fter staging a comeback in March 2016, air cargo traffic volume has continued to edge up. While growth has moderated from the high of 9.7 per cent reached in 2018, it is still trending up on global trade expansion and increase in cross-border e-commerce.
Speaking at the Cargo Handling Conference in Brussels in September 2018, McKinsey partner Ludwig Hausmann said that world trade growth is currently still running at a multiple of 1.4 times GDP growth, creating a baseline world trade growth of around 4.1 per cent annually. If the United States under President Trump were to expand on its “go it alone” trade policy by imposing tariffs on all trade partners, the multiplier will fall, perhaps to a multiple of 1.
“Trade that does not involve the US is still big enough,” Mr Hausmann noted.
The spike in e-commerce, which is enjoying strong double-digit gains, is bolstering growth.
Earlier fears of a modal shift from air to sea or rail transport have eased. McKinsey’s research indicated that currently 80 to 90 per cent of demand for air freight is not at risk of being lost to other modes. Over the next seven years possibly 10 to 15 per cent of the total cargo carried by air could make a switch to ocean freight, and 1 to 3 per cent to rail.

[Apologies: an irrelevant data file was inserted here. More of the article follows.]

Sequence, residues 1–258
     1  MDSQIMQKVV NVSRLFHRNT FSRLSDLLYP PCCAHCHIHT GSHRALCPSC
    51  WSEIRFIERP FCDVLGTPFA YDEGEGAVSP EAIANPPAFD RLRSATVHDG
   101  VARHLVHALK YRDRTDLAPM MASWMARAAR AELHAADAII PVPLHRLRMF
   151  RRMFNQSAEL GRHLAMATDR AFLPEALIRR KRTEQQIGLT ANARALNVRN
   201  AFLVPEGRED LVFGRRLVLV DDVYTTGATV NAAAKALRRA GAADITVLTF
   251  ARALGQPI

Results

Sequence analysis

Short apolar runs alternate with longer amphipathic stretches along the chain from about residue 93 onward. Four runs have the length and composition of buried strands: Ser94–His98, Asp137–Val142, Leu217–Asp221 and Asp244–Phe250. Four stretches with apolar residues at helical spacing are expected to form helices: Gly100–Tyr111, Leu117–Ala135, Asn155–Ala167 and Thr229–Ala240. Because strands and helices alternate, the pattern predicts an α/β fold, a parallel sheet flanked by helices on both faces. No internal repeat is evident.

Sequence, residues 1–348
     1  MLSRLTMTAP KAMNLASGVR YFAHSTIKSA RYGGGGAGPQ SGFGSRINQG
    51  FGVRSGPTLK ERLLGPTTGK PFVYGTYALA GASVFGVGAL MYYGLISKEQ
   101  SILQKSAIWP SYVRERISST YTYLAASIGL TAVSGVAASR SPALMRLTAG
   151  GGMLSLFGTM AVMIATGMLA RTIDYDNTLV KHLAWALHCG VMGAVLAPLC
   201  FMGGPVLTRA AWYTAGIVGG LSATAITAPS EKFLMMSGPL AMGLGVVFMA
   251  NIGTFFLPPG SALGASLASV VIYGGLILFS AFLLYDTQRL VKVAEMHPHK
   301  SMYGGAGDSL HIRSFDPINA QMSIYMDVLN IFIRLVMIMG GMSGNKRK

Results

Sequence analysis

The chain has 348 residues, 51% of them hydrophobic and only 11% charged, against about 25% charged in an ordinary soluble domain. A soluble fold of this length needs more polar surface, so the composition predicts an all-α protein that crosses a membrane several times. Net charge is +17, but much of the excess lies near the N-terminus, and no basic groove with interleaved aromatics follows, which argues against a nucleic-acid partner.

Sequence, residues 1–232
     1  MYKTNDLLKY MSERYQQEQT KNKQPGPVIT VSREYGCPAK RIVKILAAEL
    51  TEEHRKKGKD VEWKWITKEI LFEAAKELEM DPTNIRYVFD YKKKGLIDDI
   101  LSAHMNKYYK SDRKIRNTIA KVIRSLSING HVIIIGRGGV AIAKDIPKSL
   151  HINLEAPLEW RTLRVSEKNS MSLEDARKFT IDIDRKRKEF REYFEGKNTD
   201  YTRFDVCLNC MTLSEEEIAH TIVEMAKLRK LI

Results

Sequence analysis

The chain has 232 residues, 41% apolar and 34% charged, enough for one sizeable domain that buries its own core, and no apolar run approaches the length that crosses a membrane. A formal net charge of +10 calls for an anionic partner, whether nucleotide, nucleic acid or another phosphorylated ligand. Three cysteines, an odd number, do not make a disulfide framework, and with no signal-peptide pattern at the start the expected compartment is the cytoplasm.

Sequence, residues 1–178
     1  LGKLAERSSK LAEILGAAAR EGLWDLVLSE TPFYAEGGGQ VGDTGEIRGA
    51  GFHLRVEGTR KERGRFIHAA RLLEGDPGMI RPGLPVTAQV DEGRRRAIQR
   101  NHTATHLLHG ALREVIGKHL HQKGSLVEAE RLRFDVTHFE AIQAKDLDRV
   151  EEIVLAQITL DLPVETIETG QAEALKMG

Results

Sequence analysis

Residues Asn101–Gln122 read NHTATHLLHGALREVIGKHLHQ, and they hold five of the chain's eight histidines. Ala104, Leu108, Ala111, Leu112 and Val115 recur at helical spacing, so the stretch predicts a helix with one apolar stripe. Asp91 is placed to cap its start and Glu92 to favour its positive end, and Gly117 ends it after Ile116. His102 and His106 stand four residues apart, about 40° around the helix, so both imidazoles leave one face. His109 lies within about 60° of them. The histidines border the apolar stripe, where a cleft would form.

Concerns about the loss of significant volumes of air cargo to 3-D printing are also unfounded. Based on an analysis of the kinds of products which are suitable for 3-D printing, McKinsey concluded that between 2 and 5 per cent of cargo overall, and between 2 and 4 per cent of products currently carried by air, will be produced by 3-D printing by 2025.
Since 2016, the cargo business has been making a bigger contribution to airline revenues, helping to offset falling passenger base fares. As airlines open up new trade lanes to connect to ever more cities, the contribution of air cargo to economic development around the world has also increased. In 2018, airlines added over 1,300 new city pair connections, bringing the total to more than 21,000. These connections have more than doubled in the last 20 years.